Nearly two weeks since the train disaster in East Palestine, the aftermath remains fluid. The same could be said about Wednesday's informational meeting officials had planned.

They initially advertised a town hall style.
A line two blocks long stretched out the door before it started.
By then, it had become more like a science fair, with booths inside the high school gym for folks to get information and answers.

"At one point, mayor Trent Conaway had everyone ushered into the bleachers after addressing a few questions from a slew of local and national press.

"We need our citizens to feel safe in their own homes," he said.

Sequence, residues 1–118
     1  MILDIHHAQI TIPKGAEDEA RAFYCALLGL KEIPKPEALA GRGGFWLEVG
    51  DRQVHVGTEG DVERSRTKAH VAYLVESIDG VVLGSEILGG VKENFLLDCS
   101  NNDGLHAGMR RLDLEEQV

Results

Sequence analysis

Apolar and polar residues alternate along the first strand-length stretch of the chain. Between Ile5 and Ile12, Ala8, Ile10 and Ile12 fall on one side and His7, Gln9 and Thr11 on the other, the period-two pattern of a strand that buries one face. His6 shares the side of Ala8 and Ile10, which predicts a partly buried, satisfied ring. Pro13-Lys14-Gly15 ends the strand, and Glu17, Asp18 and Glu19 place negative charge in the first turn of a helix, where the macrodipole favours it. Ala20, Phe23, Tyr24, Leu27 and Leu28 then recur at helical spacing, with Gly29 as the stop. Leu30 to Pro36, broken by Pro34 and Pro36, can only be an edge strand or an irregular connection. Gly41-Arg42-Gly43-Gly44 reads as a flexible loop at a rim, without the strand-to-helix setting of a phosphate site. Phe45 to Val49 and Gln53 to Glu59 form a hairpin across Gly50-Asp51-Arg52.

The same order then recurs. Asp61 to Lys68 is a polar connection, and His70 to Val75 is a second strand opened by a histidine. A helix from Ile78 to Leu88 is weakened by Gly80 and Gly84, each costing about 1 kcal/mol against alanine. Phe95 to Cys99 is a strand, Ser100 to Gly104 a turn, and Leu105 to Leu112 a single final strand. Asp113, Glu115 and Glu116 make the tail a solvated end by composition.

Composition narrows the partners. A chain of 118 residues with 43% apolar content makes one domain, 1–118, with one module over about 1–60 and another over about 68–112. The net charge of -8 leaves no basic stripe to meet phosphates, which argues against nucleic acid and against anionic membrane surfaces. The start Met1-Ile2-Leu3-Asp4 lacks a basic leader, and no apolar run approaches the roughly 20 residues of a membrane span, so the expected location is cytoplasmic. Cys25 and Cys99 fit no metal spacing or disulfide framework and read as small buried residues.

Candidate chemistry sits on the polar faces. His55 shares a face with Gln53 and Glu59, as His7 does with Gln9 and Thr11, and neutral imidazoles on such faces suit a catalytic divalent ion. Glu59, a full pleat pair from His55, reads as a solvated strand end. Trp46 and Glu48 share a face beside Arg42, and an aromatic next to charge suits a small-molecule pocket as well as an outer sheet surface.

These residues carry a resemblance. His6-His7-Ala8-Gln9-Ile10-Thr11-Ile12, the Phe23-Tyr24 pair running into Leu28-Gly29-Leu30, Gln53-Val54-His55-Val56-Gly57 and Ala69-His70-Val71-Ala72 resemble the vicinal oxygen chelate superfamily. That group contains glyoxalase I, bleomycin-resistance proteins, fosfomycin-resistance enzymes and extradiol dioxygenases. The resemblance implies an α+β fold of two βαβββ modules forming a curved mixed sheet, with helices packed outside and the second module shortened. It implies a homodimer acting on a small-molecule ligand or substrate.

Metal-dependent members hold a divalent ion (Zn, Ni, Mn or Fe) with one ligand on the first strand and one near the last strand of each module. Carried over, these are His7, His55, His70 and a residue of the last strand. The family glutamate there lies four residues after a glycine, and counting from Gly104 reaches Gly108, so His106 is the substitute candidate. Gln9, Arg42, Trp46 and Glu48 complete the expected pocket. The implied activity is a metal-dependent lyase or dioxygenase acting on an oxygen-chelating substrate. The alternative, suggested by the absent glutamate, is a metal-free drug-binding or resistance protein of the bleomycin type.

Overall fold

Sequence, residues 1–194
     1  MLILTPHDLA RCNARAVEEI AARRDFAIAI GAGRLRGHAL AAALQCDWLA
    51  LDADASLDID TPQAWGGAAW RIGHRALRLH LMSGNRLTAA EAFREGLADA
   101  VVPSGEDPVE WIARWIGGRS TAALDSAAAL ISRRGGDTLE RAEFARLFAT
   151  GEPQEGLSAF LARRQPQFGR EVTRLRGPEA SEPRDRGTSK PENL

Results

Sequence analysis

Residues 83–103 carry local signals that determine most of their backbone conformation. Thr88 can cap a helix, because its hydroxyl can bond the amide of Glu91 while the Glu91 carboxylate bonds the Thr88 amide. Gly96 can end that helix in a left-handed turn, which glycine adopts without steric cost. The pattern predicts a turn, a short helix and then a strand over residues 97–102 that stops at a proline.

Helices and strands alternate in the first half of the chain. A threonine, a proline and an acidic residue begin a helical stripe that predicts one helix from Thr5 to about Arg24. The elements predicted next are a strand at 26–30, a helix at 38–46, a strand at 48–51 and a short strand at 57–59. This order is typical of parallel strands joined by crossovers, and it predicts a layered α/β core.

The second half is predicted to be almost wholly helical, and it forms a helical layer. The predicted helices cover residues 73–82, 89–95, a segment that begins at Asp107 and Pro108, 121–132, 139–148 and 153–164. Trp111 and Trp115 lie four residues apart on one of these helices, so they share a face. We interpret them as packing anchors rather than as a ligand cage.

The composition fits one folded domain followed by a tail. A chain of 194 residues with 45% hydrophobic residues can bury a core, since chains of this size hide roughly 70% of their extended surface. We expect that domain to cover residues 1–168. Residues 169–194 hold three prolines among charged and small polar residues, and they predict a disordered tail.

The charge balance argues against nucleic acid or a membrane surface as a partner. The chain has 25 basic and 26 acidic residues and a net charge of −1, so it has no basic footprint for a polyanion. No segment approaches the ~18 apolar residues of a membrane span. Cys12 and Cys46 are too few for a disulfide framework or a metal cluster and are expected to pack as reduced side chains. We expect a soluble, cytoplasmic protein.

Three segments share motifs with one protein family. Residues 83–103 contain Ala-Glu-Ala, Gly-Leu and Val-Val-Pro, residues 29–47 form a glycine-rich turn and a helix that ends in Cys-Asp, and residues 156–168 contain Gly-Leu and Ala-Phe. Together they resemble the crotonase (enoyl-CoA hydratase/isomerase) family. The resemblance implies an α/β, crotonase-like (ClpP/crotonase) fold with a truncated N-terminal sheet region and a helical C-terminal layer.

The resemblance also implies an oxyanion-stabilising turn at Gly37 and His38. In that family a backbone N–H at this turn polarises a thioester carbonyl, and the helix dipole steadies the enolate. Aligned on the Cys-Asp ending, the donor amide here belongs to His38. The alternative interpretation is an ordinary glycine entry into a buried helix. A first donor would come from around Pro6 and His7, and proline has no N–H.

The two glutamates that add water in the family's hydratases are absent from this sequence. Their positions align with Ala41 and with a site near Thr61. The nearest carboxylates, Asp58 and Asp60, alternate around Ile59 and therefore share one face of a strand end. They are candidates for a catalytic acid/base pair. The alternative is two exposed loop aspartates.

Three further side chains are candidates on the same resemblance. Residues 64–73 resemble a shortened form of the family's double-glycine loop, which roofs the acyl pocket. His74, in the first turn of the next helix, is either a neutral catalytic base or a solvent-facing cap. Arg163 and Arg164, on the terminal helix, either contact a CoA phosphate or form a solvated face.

While some shouted questions, others like Mark Turcola simply left, just as frustrated as they came.

"I don't think anybody's getting answers out there," he said. "I asked EPA what did I drive through," describing a fog over a lake on his way to work in the days after the incident. "Nobody knows...I live outside the evacuation zone, I had no issues until I drove to work Tuesday morning."

Another woman who didn't want to talk on camera told 21 News she didn't learn anything new.

Others, however, did.
The Sirotas got there early enough to go through each information booth before the format's last-minute change.

"The EPA, county health department...we had specific questions," said Steve Sirota. "Our concern was they're going to test once, say it's good and wash their hands of it, but no, they assured us they'd continue testing long into the future."

And despite best efforts, a future that for many in this village of 4,700 remains uncertain.